We started our last day by getting in an hour-long line to visit the Catacombs. (Sidenote: while we waited in line, I had to go to the bathroom (surprise, surprise), so I used one of their street toilets. This was a space age system! The whole thing, ceiling to floor, is sterilized and dried between each use. When I was in there it told me exactly how much soap and water I should be using and wouldn’t let me turn on the hand-dryer until they thought I should be done washing. Neat-o.) You enter the Catacombs through an unmarked door and by taking 100+ stairs down. It starts with stone-lined hallways which are spooky enough, but then you go through room after room lined with bones! “All femers & skulls” seemed to be the decorating scheme, but we figured that’s because they were using those bones to decorate (ew) while stacking all the others behind. The Catacombs started in the 1800s and people have been having gatherings and parties in here since. While gross, this was the most unusual & fascinating stops of the trip.
We did this visit as part of a recommended walk, so we explored the neighborhood, including an observatory that has been around & still functions for a record-breakingly long time. We also had lunch in this neighborhood, which was great. We sat just outside a street-market, so we had the best people- watching of the trip!
After lunch, our plan was to go on one of the walks that included the Sacre Coeur and Moulin Rouge. We decided to take another train than what was suggested for the tour. Wow. Mistake. As we got close to our stop, the crowd got more and more shady. When we stopped, it was just plain scary! There were a ton of creepy people just milling about with a lot of folks selling stolen-looking goods and looking for opportunities to pickpocket. I’m sure if I knew the French version of “pot” or “cocaine”, I would have heard it here. We tried walking a few blocks to the start of the walk in hopes that things would be more comfortable, but for me, we never got there. We took the obligatory Moulin Rouge picture and got the heck out of there!
There was one good thing that came out of this mini-excursion. On our ride up, a reggae singer stood right by us singing and playing his electric guitar, amp and all. He was the first Metro musician to be good, really good. This lead to one of those future “remember when” moments for me. It was too perfect.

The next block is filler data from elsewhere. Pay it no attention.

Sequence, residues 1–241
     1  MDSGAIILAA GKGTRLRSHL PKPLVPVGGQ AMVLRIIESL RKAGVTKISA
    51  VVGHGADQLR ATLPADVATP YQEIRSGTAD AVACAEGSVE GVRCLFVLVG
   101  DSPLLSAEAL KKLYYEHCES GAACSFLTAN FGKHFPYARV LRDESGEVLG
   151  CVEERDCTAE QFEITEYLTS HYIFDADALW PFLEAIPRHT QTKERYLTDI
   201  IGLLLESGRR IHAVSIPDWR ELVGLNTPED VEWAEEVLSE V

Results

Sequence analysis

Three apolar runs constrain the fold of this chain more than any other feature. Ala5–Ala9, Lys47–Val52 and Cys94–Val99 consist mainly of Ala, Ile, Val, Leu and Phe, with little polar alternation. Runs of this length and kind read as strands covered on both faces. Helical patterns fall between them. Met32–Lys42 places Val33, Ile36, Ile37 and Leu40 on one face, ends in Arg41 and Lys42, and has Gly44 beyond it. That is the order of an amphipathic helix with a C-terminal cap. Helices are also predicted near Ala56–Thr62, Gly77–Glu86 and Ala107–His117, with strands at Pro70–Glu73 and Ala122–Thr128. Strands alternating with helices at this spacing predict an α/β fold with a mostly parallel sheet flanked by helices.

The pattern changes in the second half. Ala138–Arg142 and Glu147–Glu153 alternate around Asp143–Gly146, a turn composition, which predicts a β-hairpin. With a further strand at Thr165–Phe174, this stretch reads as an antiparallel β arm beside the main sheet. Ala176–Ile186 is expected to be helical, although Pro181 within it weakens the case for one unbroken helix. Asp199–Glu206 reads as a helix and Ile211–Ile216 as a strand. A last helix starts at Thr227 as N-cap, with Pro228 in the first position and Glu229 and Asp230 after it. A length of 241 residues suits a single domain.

Our feet dictated the rest of the day, which still included much more walking. Our dinner stop had some of the best ambiance of the strip, but it wasn’t until we were done that we realized we were just two blocks away from the Eiffel Tower. After dinner, we found a spot on the lawn in front of the tower, along with a number of other folks having wine and cheese picnics (kudos to the North African dudes for finally getting it right – they were selling wine and Heineken here) waiting for the light show to go off. Blog friends, I witnessed the most beautiful sunset of my life that night. It was just perfect.
It was chilly that night, so we took off right after the light show, stopping underneath the tower for a picture and a kiss. Randy stopped me again by a merry-go-round. I jokingly asked him if he wanted to take it for a ride, but instead he led me in a dance. At the beginning of our trip, I suggested that there would be at least on burst of spontaneous dance, but it had not happened yet. Randy said our music was weak that night, but he didn’t want me to miss out. And thusly, the merry-go-round jingle is my new favorite song. I love this man.
This vacation was 15 days of perfection. If we do half as well in real life as we do while honeymooning, Randy and I will be the luckiest ever.
I made a wish in the Louvre fountain that we would come back to Europe soon, but more than that, I hope Randy and I always laugh, talk, eat, explore, and enjoy other parts of honeymooning for many, many years to come. I am a lucky girl.